Ritual as a Play

A ritual can be understood as a type of play. Hans Gadamer in "Truth and Method" (1992) discusses the structure of the play in the sense of the structure structuring the player. For him, "Play is structure - this means that despite its dependence on being played it is a meaningful whole which can be repeatedly presented as such and the significance of which can be understood. But structure is also play, because - despite this theoretical unity - it achieves its full being only each time it is played" (1922: 117). In a ritual, there is a structure which plays us, which structures us, which gives us an understanding of its reality and the people involved.

Rituals often have a foundation myth. Paul Ricoeur states that a myth "has the purpose of providing grounds for the ritual actions of men of today, and, in a general manner, establishing all the forms of actions and though by which man understands himself in his world" (Ricoeur 1967:5). In the ritual in Porticello, the grounding myth is the story of how the icon of the Madonna del Lume was given to the fishing village by divine action.

The descent of the Icon
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Ritual also involves religious symbols. Hans Gadamer's interpretation of religious symbols in the aesthetic domain implies an inner unity of the symbol and what it symbolizes. He stresses that: "the symbol does not simply dissolve the tension between the world of ideas and the world of the senses: it points up a disproportion between form and essence, expression and content. In particular, the religious function of the symbol derives from this tension. The possibility of the instantaneous and total coincidence of the apparent with the infinite in a religious ceremony assumes that what fills the symbol with meaning is that the finite and infinite genuinely belong together" (Gadamer 1992 2nd ed.:78).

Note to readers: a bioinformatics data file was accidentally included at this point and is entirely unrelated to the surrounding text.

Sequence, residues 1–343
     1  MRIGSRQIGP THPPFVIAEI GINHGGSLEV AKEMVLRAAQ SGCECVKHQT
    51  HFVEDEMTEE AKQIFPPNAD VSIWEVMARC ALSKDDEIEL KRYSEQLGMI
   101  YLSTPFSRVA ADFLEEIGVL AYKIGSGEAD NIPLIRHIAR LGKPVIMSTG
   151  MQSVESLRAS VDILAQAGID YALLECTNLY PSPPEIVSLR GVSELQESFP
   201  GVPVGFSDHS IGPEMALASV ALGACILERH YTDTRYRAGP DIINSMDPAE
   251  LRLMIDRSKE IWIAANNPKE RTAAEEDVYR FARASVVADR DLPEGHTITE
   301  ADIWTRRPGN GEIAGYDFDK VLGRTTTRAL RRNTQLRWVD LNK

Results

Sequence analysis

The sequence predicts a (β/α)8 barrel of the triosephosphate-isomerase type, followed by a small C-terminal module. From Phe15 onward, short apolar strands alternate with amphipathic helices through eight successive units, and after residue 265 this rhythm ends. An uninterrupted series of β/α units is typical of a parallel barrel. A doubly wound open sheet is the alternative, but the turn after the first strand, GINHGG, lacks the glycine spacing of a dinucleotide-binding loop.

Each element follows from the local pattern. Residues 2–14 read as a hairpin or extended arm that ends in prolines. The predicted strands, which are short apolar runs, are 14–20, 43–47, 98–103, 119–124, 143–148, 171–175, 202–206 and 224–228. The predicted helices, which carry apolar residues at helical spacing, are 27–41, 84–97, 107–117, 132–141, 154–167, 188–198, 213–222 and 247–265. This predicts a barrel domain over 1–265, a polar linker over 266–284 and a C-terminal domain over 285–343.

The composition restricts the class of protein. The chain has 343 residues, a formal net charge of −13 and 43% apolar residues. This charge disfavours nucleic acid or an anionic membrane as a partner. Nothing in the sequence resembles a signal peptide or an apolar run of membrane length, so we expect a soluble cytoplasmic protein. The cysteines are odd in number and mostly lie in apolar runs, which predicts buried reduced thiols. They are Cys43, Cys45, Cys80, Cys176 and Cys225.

Santo doing the invocation during the descent
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The religious symbolism in the ritual revolves around the icon of the Madonna del Lume. She offers protection and safety at sea, and she provides that which is necessary for the survival of the community. In this way she exists beyond her appearance as the Madonna in the Catholic sense, the mother of Christ, by going beyond that religious symbology. She acts as a goddess of the sea. The Madonna del Lume was brought from the sea around 1732 and Vincenzo Giangrasso, a member of the Porticellan community found it on the beach. Afterwards the entire community went to the king to ask him permission to build a church for the Madonna.

In describing the different processions involved, especially of the celebration in Porticello, I portray the whole community in terms of its own time and space. Gadamer states: "A procession as part of a religious rite is more than a spectacle, since its real meaning is to embrace the whole religious community. And yet a religious act is a genuine representation for the community; and likewise, a drama is a kind of playing that, by its nature, calls for an audience. The presentation of a god in a religious rite, the presentation of a myth in a play, are not only in the sense that the participating players are wholly absorbed in the presentational play and find in it their heightened self-representation, but also in that the players represent a meaningful whole for an audience... The audience only completes what the play as such is" (1992:109). In representing the ceremony in Porticello, I used the structure of the play to structure the experience. The play gives us an understanding of the reality experienced by the people involved.

Dissertation Abstract | References

Updated 10 Oct 1996